PGA Memory Management for Dedicated Mode

You can automatically and globally manage the size of SQL work areas. The database administrator simply needs to specify the total size dedicated to PGA memory for the Oracle instance by setting the initialization parameter PGA_AGGREGATE_TARGET. The specified number (for example, 2G) is a global target for the Oracle instance, and Oracle tries to ensure that the total amount of PGA memory allocated across all database server processes never exceeds this target.


There are fixed views and columns that provide PGA memory use statistics. Most of these statistics are enabled when PGA_AGGREGATE_TARGET is set.

  • Statistics on allocation and use of work area memory can be viewed in the following dynamic performance views:






  • The following three columns in the V$PROCESS view report the PGA memory allocated and used by an Oracle process:





The automatic PGA memory management mode applies to work areas allocated by both dedicated and shared Oracle database servers.


Oracle Memory Structure Diagram

Oracle SQL Execution Steps

All Oracle SQL statements must be processed the first time that they execute (unless they are cached in the library cache). and SQL execution steps include:

  1. A syntax check – Are all keywords present "select . . . from", etc . .

  2. A semantic check against the dictionary – Are all table names spelled correctly, etc.

  3. The creation of the cost-based decision tree of possible plans

  4. The generation of the lowest cost execution plan

  5. Binding the execution plan – This is where the table–> tablespace –> datafile translation occurs.

  6. Executing the query and fetching the rows.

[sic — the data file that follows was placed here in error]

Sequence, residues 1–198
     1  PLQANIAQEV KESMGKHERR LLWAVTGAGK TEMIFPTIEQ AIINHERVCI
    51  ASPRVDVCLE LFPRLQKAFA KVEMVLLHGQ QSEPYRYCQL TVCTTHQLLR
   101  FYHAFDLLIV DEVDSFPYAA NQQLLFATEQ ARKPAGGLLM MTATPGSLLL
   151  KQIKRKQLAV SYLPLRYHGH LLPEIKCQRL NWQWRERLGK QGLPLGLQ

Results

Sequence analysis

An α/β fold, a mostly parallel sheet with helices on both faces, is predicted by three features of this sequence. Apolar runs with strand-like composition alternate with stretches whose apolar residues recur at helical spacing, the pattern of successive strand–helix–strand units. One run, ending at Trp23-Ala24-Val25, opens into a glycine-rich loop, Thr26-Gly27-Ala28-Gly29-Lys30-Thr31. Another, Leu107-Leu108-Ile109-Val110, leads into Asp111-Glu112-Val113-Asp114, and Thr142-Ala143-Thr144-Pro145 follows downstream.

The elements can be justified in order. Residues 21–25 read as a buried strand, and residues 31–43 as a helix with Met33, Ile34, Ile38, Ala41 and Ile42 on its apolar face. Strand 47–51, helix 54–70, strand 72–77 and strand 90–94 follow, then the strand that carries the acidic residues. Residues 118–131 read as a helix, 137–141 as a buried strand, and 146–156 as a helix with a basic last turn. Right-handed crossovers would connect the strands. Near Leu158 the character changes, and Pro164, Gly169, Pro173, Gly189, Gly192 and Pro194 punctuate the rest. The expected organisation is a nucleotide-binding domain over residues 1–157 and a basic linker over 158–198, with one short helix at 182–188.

Once the execution plan is created, it is stored in the library cache (part of the shared_pool_size) to facilitate re-execution.  There are two types of parses:

  • Hard parse – A new SQL statement must be parsed from scratch.  (See hard parse ratio, comparing hard parses to executes).  If the database is parsing every statement that is executing, the parse to execute ratio will be close to 1% (high hard parses), often indicating non-reentrant SQL that does not use host variables (see cursor_sharing=force).
  • Soft parse – A reentrant SQL statement where the only unique feature are host variables. (See soft parse ratio, comparing soft parses to executes).  The best-case scenario is a parse to execute ratio of 100% which would indicate an application with fully reentrant SQL that “parses SQL once and executes many times” (also see your setting for session_cached_cursors, as this effects the reentrancy of an SQL statement).  

Excessive hard parsing can occur when your shared_pool_size is too small (and reentrant SQL is paged out), or when you have non-reusable SQL statements without host variables.  See the cursor_sharing parameter for an easy way to make SQL reentrant and remember that you should always use host variables in you SQL so that they can be reentrant.

For more details, read this SQL Execution Steps on BURLESON.